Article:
Uthappa promises plenty of fireworks
Explosive Indian batsman, Robin Uthappa, says he is ready to light up the Twenty20 cricket World Championship with an array of shots, which he has specially innovated for the slam-bang version of the game.
The 22-year-old batsman, whose dazzling performance in England brought him into the spotlight, said the shots he played there were just a trailer and he would unveil a whole new range of hits in the Twenty20 World Cup.
"What you guys saw was just a few shots. There are another five or six that I haven't revealed as yet. There is a lot more to come," he said.
"It is a big opportunity for all of us. The fact that we haven't played a lot of domestic Twenty20 cricket means it's going to be a big challenge too," he added.
Uthappa said despite the hectic 80-day tour of UK, the Indians felt fresh for the World Twenty20 as the side had a lot of youngsters in its fold.
"We have a very young side, but it is very exciting to have a lot of fresh pairs of legs in the side. We have just finished a very long tour of England, but most of us, we are under 25-26, and are looking forward to this tournament," he explained.
Without the overwhelming presence of Sachin Tendulkar, Rahul Dravid and Sourav Ganguly, India's young guns will obviously come under the misroscope. Yet, instead of feeling the weight of expectations, Uthappa sees it as a challenge.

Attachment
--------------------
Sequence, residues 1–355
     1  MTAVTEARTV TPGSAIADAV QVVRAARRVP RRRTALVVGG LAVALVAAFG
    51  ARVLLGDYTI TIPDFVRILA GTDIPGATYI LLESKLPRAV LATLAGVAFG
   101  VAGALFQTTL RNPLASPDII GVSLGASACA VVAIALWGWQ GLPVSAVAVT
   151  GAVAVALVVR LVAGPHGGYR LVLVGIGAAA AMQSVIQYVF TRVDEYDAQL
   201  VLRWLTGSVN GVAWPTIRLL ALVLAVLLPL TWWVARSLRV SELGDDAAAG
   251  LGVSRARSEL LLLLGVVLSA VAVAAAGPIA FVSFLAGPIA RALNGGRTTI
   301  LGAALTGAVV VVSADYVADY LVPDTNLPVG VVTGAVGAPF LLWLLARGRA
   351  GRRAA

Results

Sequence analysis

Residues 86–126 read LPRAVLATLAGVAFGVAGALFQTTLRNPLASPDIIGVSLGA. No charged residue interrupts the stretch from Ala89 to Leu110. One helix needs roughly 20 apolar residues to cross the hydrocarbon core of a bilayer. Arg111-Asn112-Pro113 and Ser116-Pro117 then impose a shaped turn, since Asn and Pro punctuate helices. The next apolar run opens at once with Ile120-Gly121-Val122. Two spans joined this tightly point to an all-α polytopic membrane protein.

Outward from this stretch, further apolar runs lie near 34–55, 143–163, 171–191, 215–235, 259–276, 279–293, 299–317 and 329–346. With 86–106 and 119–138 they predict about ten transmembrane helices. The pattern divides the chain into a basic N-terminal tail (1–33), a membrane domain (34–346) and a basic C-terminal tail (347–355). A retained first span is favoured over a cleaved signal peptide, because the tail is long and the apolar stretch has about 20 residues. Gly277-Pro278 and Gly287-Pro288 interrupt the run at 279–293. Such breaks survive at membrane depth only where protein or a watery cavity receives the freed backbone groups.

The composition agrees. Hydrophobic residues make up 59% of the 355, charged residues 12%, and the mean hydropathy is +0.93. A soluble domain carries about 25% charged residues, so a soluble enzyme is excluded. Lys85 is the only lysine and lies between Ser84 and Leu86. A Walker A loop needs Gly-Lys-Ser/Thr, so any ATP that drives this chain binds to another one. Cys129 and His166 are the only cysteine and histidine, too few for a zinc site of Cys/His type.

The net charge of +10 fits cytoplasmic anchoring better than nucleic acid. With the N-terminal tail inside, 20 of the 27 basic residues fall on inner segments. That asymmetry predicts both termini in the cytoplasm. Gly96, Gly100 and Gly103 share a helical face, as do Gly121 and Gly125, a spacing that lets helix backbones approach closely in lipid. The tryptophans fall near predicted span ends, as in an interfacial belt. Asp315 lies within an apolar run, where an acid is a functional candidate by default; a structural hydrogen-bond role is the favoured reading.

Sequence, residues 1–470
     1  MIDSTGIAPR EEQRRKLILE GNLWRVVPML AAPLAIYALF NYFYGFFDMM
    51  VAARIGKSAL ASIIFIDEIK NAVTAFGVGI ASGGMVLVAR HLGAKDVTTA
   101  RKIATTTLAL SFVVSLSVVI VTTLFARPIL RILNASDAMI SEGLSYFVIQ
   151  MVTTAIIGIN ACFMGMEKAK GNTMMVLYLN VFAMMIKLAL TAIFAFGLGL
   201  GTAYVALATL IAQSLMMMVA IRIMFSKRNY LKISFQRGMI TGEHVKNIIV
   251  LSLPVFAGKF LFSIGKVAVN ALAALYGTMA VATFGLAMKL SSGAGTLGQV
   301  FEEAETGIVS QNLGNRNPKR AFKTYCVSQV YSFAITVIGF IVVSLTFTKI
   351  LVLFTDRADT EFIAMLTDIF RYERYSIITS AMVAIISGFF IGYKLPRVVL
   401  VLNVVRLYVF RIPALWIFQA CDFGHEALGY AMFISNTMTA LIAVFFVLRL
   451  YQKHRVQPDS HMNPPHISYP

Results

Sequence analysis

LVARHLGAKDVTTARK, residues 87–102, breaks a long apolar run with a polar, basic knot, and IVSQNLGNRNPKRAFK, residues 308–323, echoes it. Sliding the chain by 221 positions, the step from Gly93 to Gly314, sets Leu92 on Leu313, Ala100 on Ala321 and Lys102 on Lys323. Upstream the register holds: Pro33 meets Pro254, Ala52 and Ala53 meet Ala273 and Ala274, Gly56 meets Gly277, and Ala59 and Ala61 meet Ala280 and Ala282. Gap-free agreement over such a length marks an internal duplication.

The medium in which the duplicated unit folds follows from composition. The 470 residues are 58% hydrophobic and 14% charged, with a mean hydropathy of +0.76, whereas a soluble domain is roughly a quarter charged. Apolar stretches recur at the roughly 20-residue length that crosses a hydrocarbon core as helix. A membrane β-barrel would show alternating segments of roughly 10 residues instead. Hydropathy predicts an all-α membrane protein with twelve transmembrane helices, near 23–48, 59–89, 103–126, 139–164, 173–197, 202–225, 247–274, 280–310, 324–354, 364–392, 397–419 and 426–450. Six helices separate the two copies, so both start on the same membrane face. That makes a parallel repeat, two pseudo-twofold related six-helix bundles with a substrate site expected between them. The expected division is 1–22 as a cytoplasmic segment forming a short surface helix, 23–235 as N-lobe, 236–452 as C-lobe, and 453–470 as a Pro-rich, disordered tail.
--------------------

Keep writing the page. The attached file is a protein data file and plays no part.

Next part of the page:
"We will at least get to see what life's going to be after they leave. It's fresh for all of us, this situation. This tournament, this whole set-up is mainly about the future of the country," he offered.
On his preffered batting position, Uthappa said he was prepared to bat at any slot.
"I have been more a floater in the side, as Rahul Dravid rightly said, batting wherever the team has required me to and whenever they have wanted me. I trust my ability to play in any position."
"Obviously, I won't change the way I play in this competition, but it is important first of all to play out the 20 overs. That's something I would like to aim for. The position doesn't really matter as long as you can serve the purpose of the team," he said.
For someone who was discarded after just one game, Uthappa admitted that the experience toughened him up.
"The first time I got dropped, it did hit me quite hard," he acknowledged. "I had one bad game and I was dropped. I just took it up as a challenge to make sure that I get back into the side and I contribute in a bigger way."